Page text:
How to find cell instances that intersect with a box

Hi, I'm becoming fairly familiar with the python API and my question is about a strategy within the API calls to achieve a goal.

I want to know the leaf cell instances that intersect with a given box. I'm getting there right now by selecting the shapes that intersect with that box and creating a RecursiveShapeIterator (called shape_iterator below).

instance_path = shape_iterator.path()
last_cell_inst = instance_path[-1].cell_inst()

This runs once per shape instead of once per cell instance, so I'm wondering if I could improve the performance by navigating the hierarchy tree instead of the shapes themselves.

I originally tried to start with the top cell and select cells that intersected with the box, but it only returns cells in the top cell itself which doesn't give me my leaf cell information. Is there a strategy that would allow me to find the cell instances without processing every shape?

Many Thanks for any guidance you can provide.


  • Hi jpk,

    you can create a RecursiveShapeIterator from a cell with a search box. This will then return only the shapes within this box (seen from the initial cell) and only traverse the subcell instances inside this box.

    Is this what you are looking for?


  • The RecursiveShapeIterator solution is what I'm doing currently. Since it runs at the "shape" level, I'm guessing that it might run faster if I could traverse just the instance hierarchy information without having to query for every shape that exists inside the search box.

    I guess I'm looking for something like RecursiveShapeIterator but more like "RecursiveInstanceIterator" that will return a stream of cell instances that are inside the search box instead of shapes.

  • Hi jpk,

    I see your point.

    Internally there is such a thing, but not on the script level. It's a method called "skip_instance" which you can call to jump to the next instance. I have not considered yet to expose it to Python because I could not imagine a use case.

    Without this, you can emulate the whole procedure in Python, but I guess it will awfully slow.

    As a workaround it might be possible to define a dummy layer and place a rectangle with the dimension of the cell's bounding box for each cell. Then there is a single shape per cell and iterating over this layer will give you each instance once.



  • I ended up using a LayoutQuery, like this:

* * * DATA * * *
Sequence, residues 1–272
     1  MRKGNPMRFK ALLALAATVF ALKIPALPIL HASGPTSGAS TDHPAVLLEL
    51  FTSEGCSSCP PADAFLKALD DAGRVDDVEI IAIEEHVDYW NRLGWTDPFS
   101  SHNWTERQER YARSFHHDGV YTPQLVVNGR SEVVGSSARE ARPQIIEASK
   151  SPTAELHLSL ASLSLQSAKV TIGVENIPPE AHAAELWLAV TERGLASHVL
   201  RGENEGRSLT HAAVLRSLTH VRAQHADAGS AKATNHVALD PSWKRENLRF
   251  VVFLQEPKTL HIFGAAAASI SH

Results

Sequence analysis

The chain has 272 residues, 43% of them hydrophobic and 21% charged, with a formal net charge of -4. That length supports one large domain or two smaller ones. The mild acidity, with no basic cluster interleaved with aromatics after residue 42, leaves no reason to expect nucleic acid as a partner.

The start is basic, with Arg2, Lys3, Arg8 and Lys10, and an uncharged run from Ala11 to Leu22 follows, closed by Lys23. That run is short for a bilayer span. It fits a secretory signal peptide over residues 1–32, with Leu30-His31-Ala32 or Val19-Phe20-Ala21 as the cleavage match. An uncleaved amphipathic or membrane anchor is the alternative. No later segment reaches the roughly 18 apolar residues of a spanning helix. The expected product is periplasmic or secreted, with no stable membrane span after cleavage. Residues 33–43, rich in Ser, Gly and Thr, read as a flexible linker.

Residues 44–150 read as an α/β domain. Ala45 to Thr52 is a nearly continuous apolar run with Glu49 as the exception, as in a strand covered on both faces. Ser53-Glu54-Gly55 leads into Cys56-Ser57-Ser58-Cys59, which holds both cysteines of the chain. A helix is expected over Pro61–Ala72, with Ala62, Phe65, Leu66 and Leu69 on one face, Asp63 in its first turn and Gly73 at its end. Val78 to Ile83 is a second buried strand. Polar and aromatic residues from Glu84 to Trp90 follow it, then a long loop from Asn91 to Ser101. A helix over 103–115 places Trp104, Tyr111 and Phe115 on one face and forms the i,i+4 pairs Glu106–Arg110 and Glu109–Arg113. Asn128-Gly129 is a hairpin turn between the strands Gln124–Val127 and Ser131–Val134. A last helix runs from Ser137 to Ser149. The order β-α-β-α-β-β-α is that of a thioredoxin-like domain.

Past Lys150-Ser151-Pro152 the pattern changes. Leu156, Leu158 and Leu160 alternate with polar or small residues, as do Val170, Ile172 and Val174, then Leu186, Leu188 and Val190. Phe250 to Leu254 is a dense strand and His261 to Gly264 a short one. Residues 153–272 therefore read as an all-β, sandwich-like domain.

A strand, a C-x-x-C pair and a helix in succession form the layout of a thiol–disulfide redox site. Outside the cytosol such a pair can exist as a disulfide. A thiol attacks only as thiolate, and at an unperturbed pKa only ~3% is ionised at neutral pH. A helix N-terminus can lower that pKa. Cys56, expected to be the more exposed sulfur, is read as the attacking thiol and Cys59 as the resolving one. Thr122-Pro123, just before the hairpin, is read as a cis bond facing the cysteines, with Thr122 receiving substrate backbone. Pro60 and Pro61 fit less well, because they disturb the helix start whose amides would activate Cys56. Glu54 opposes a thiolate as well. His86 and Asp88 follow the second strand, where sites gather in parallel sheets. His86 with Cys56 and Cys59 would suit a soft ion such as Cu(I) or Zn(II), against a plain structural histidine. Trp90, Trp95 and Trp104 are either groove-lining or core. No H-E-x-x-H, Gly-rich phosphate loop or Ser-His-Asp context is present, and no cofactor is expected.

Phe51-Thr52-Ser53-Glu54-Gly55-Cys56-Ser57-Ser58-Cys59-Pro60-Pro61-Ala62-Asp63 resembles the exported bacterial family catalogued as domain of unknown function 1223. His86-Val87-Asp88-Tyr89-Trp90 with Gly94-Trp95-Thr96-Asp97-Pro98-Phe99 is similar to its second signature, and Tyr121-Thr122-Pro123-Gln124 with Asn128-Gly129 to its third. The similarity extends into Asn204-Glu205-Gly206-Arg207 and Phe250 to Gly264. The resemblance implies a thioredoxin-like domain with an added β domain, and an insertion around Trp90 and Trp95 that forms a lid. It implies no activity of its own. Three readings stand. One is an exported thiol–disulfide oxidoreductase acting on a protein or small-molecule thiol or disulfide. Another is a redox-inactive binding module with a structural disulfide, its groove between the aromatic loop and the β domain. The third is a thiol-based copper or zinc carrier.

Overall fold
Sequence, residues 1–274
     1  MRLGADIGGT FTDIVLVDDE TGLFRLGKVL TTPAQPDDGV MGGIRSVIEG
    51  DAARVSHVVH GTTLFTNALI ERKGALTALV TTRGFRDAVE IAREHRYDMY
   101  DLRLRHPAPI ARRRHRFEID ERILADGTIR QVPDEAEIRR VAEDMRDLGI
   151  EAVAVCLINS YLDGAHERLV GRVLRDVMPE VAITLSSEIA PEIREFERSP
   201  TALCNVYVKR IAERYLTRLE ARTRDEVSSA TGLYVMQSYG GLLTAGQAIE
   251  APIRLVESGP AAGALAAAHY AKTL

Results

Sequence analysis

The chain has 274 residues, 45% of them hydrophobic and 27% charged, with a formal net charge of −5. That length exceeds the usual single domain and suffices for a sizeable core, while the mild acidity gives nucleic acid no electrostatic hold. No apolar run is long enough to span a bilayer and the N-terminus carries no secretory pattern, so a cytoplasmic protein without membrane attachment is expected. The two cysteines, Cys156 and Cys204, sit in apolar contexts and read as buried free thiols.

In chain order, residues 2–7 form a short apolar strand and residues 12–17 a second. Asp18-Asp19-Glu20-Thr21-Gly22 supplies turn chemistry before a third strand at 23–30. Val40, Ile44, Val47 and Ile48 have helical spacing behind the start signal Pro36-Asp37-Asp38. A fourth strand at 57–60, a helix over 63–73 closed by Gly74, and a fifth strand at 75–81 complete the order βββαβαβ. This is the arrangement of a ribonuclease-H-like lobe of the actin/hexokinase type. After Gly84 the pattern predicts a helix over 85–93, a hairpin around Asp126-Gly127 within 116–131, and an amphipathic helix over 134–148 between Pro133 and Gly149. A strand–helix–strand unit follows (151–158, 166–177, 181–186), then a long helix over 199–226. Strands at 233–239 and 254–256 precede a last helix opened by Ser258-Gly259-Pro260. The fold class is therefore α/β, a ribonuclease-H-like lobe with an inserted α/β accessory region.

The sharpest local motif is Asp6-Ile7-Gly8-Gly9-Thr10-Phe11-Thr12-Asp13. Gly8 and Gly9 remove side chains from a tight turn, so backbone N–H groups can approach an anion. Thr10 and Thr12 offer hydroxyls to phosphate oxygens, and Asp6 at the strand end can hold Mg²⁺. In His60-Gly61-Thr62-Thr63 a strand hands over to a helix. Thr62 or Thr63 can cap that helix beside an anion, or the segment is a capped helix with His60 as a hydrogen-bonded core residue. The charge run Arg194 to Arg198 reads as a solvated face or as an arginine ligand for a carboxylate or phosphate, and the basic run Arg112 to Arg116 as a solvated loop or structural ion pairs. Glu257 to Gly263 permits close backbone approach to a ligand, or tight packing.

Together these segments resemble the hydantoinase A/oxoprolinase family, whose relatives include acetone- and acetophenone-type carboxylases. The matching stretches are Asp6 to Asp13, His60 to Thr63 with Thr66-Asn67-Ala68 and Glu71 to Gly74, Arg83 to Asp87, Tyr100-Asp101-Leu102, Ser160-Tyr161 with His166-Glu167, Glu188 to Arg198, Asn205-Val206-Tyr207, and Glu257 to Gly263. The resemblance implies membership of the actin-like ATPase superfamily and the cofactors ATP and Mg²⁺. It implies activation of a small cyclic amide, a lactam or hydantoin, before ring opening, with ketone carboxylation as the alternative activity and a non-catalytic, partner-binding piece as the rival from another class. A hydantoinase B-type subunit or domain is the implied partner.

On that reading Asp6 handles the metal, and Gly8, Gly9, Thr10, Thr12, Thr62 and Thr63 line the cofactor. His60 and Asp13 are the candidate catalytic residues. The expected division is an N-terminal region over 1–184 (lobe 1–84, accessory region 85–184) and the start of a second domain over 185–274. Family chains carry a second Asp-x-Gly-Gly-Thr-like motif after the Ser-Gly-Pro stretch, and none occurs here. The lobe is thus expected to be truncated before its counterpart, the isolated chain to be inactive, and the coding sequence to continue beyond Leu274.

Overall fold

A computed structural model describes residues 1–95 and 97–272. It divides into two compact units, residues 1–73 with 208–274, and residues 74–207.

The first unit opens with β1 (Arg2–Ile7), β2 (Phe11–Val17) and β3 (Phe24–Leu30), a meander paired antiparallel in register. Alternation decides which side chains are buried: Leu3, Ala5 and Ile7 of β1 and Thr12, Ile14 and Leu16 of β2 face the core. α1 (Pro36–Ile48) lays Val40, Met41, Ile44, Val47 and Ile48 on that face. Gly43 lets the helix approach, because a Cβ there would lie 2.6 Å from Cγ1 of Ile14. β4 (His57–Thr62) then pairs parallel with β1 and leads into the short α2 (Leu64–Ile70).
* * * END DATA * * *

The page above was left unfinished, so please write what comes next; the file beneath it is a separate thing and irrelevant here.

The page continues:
select_string = "select, cell.cell_index, path_trans.disp.x, path_trans.disp.y from instances of ...* \
    where path_trans.disp.x >= {0} \
    && path_trans.disp.x <= {1} \
    && path_trans.disp.y >= {2} \
    && path_trans.disp.y <= {3}".format(marker_box.left,marker_box.right,marker_box.bottom,

    results = [ for item in pya.LayoutQuery(select_string).each(active_layout)]

  • Cool :-)

    I just saw another post where someone complained about the performance of queries (not specifically in this context). If you're happy with that I think that is fine. The query is not smart enough to do a region search and shortcut evaluation. Essentially it will walk through all instances in a brute-force approach. The RecursiveShapeIterator is better in this respect. But the above approach is good if you have many shapes and few instances.

    BTW: another way to write the query is this:

    select, cell.cell_index, path_trans.disp.x, path_trans.disp.y from instances of ...* 
    where (path_trans * cell.bbox).overlaps({0}, {1}, {2}, {2}))


  • jpkjpk
    edited July 2019
    Thanks for the pointer on the rewritten select statement. That’s elegant.

    BTW, I found it challenging to get started with the usage of LayoutQuery because the syntax for the select statements is not documented in the API docs (or I couldn’t find it, anyway...) I eventually found it in the search/replace feature within klayout but I didn’t initially know to look there. It might help others if there was a link to the select syntax directly in the LayoutQuery api docs.
  • You're right. Thanks for that suggestion.

    BTW: I have added variables recently so you can basically pass the box into the query without the string substitution. That's a bit faster and avoids string-to-double conversion issues (accuracy limits, special values like "inf" or "nan" ...).


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